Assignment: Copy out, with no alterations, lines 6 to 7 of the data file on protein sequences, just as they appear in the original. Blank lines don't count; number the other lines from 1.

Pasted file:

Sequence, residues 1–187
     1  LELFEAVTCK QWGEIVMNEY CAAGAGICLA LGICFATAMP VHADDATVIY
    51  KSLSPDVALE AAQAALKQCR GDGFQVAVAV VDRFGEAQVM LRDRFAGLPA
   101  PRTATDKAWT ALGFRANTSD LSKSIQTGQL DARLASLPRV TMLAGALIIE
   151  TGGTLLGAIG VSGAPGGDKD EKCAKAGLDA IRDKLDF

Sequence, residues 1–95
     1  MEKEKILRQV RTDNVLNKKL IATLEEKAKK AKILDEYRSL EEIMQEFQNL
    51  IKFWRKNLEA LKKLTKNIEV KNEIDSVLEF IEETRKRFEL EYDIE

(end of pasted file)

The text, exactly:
Sequence, residues 1–95
     1  MEKEKILRQV RTDNVLNKKL IATLEEKAKK AKILDEYRSL EEIMQEFQNL